I was recently listing to and interview of Caesars Entertainment Corporation CEO Gary Loveman, where he was talking about how his casino use analytics to power customer experience and not by just looking at value or profitability of customer visits. The example he gives speaks about tracking customers play with a card required for slot machines. If one player (player A) starts with a $100 and plays for 30 mins and walks away with $ 0 vs another player (Player B) that starts with $100 and goes to $150 but eventually after 1 hour 30 mins walks away with $0. In this example the one visit both have the same value but Player B would rate his experience as better to player. Thus Player B would be more likely to return and in the long run be a more valuable customer.

Caesars customer services agents may provide some offer to the less fortunately player to improve their experience. The first step is to recognize the poor experience the second is to do something about it. Loveman also states that “Through frequent flyer data we observe a customer as had a poor experience on an airline, the flight was delayed the lost their bag. Is it any mystery that they hate the airline? No, they hate the airline, you know that. So, if you want them to visit the airline again the next time how would you treat them? You’d want to acknowledge that the last trip was a bad one and you are going to try to do something to make it up. That is exactly the same idea, but the airlines never do that. “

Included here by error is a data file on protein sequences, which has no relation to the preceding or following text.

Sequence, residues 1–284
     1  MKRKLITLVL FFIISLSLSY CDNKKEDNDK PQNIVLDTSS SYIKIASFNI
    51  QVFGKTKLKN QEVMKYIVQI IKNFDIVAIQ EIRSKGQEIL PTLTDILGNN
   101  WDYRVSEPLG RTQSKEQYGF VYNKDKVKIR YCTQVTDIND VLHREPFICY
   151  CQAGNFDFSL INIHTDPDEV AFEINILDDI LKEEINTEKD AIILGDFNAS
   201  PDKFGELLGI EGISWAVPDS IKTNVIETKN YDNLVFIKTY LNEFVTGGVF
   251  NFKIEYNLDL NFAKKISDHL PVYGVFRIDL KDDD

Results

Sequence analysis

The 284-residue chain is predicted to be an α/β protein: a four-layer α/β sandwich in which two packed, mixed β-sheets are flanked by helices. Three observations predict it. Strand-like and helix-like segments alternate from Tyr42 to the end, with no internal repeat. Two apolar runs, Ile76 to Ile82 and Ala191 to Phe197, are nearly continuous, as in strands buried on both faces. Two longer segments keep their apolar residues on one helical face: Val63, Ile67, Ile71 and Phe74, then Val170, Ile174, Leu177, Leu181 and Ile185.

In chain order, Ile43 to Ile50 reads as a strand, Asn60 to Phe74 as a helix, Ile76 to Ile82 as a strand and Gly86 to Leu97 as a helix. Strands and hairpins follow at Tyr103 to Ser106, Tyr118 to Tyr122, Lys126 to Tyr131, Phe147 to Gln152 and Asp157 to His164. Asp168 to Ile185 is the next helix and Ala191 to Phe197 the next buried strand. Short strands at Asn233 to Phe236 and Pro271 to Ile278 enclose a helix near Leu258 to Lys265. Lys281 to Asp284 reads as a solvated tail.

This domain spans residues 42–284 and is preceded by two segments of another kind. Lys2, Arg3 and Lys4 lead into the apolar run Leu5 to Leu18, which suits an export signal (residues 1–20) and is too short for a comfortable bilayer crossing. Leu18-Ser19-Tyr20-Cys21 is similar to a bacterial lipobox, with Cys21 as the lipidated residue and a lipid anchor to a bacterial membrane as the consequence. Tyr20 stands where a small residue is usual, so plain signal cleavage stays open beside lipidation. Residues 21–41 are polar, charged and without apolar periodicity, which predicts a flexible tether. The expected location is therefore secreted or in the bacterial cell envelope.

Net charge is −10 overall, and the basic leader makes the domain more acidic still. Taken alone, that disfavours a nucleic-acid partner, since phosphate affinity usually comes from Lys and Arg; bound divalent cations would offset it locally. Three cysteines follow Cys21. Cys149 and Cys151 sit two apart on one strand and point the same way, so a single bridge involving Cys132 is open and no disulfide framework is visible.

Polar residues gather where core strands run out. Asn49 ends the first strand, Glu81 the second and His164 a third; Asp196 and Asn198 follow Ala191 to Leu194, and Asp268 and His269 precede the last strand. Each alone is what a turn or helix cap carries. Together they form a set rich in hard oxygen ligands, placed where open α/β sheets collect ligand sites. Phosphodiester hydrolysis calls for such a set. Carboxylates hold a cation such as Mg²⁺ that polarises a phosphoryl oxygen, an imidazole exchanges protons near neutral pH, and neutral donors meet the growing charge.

I was on a recent flight that was delayed for about 3 hours due to several issues mechanical and weather related. To my surprise when I landed I had an email that stated they were sorry for any problems that the delay may have caused and offered me a travel credit. Similarly, prior departing on a separate trip a hotel chain sent me an email informing me of construction that was taking place at the location I was staying and offered to switch me to another location if I preferred. It seems to me that these industries have taken great steps in recent years to improve customer experience.

The first step is knowledge the second is action. There are several industries that are also aware of negative customer experiences and do nothing about it. CSP’s know when you have a dropped call (or hundreds of them.) MSO and ISP know when there network is clogged and your online experience is poor. Yet, they are content to do nothing about it. How much longer can CSP and MSO ignore customer experience? As markets evolve and become saturated and competitive reducing churn through better customer experience will play a bigger role, which organizations will be ready to take that leap?